A 21 y.o. avid outdoorsman complains of R pleuritic chest pain

his cxr is shown below

He was treated for RML pneumonia with levofloxacin and symptoms resolve but return in 3 weeks with the xray below.

What is wrong with this patient?

What is wrong with this patient?

Our patient had coccidiomycosis in a pulmonary form which led to “phantom” infiltrates. These repeated pneumonias are a classic pulmonary presentation for the fungal infection.

Coccicdiomycosis is a fungal disease native to the Americas. It is caused by two fungi: C. immitis and C. posadasii which are endemic to the southwestern US, northern Mexico and central and South America.


It was first described in 1892 in a soldier in Argentina.  The illness in the US was found with increasing prevalence when immigrants moved to California after the dustbowl in the 1930’s.  The first effective therapy was not found until 1957 when IV amphotericin was used.


Initial infection can occur from inhaling a single spore of the fungus which then rapidly multiplies in the lung over 48-72 hours.  60% of people are asymptomatic with this infection because the fungus is destroyedby macrophages.  It can , however, cause a flu-like illness or pulmonary disease including infiltrates as in our patient, nodules or even cavitary lesions which can rupture into the pleural space causing pneumothoraces or effusions.  Only 1% of healthy individuals go on to develop disseminated coccidiomycosis(although this number is higher in the immunocompromised) .  Disseminated disease can result inosteomyelitis, arthritis, meningitis or transplacental infection in a pregnant woman. Disseminated disease can also present with skin infections including abscesses, granulomas , ulcers or rashes often of the nasolabial folds.  Disseminated infection may require years of antifungal treatment at a cost of $5,000-12,000 per person per year.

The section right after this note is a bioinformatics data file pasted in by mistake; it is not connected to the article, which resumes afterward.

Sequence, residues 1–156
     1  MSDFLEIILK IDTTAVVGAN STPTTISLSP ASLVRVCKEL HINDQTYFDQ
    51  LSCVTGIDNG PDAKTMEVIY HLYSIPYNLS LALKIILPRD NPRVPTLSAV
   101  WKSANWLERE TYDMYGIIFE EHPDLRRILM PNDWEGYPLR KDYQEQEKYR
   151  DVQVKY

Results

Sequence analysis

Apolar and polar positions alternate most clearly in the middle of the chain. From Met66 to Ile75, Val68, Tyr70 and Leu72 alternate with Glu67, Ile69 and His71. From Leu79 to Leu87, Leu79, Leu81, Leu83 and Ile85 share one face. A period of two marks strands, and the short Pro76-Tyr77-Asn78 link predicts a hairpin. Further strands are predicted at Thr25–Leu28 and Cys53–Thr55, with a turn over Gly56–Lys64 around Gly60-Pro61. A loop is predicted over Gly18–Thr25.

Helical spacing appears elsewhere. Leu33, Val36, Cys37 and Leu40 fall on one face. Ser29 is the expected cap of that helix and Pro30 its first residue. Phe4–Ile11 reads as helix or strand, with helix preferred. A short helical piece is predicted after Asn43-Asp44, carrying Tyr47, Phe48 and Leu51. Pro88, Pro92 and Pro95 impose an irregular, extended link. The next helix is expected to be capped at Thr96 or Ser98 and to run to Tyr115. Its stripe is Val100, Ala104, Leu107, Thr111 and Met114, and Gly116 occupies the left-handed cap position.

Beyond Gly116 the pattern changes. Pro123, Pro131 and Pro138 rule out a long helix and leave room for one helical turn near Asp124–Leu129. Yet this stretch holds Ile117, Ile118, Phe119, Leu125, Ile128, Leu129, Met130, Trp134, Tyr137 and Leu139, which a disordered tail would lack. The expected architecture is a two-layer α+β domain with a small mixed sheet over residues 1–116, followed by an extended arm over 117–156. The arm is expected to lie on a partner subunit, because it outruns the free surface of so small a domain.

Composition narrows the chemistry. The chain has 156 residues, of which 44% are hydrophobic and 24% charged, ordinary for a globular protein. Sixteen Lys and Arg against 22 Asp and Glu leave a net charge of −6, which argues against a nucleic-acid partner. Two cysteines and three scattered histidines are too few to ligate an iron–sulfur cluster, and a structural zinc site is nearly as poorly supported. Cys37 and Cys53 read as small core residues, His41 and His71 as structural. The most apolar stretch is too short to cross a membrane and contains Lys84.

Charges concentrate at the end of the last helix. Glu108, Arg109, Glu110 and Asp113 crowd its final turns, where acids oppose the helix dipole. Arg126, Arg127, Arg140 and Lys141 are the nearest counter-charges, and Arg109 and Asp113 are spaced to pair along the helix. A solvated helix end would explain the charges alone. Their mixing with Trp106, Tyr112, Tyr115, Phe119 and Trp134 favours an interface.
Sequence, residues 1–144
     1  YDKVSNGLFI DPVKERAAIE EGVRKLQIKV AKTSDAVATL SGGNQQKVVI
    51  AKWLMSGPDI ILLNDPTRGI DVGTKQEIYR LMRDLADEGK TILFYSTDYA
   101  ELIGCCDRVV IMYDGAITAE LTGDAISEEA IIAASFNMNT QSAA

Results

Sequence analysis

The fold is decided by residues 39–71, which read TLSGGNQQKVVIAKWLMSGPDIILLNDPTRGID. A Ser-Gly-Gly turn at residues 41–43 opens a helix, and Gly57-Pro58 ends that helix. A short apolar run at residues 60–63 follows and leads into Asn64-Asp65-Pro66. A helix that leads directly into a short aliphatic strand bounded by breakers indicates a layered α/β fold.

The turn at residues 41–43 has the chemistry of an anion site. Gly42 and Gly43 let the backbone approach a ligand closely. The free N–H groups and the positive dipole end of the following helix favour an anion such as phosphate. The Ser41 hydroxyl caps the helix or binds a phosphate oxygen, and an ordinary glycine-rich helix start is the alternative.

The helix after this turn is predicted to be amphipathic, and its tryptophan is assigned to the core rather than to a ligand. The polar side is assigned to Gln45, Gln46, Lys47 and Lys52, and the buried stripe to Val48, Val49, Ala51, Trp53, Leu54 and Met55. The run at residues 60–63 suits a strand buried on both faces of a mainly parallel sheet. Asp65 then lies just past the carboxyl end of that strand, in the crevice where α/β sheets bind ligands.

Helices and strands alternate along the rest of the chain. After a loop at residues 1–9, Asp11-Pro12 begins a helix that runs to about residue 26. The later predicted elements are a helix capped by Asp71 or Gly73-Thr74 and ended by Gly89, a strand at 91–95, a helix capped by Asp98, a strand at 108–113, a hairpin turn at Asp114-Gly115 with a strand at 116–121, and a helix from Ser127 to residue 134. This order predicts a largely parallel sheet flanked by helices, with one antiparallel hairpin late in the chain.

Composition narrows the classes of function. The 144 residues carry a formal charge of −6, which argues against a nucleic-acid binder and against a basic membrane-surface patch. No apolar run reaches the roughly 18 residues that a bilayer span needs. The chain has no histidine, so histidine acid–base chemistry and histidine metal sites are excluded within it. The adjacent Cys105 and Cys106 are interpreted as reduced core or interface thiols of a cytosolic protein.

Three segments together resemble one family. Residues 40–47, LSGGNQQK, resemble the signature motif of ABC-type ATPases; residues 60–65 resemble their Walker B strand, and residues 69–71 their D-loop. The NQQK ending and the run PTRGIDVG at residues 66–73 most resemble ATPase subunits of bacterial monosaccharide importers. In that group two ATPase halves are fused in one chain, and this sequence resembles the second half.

Coccidiomycosis is found with increasing frequency in Arizona where 80% of the population who have lived there for five years is positive for coccidiomycosis.


 Our patient had been hiking in Arizona and presumably this is where he acquired the disease.  He was treated successfully with antifungals and had no recurrence of the disease.

Amstead GM, Graybell JR. Coccidiomycosis Infect Dis Clinic N AM 2006 20: 621-43.

Gaidici A, Saubolle MA. Transmission of coccidiomycosis to a human via a cat bite. Microbiol Feb47(2):505-6.

CDC From the Centers for Disease Control and Prevention. Coccidiomycosis following the Northridge California Earthquake.  JAMA 1997 March 19 277(11) 904-8.

Increase in reported coccidiomycosis in the United States 1998-2011.  MMWR. Morb Mortal Wkly Rep 2013 March 29 62(12): 217-21.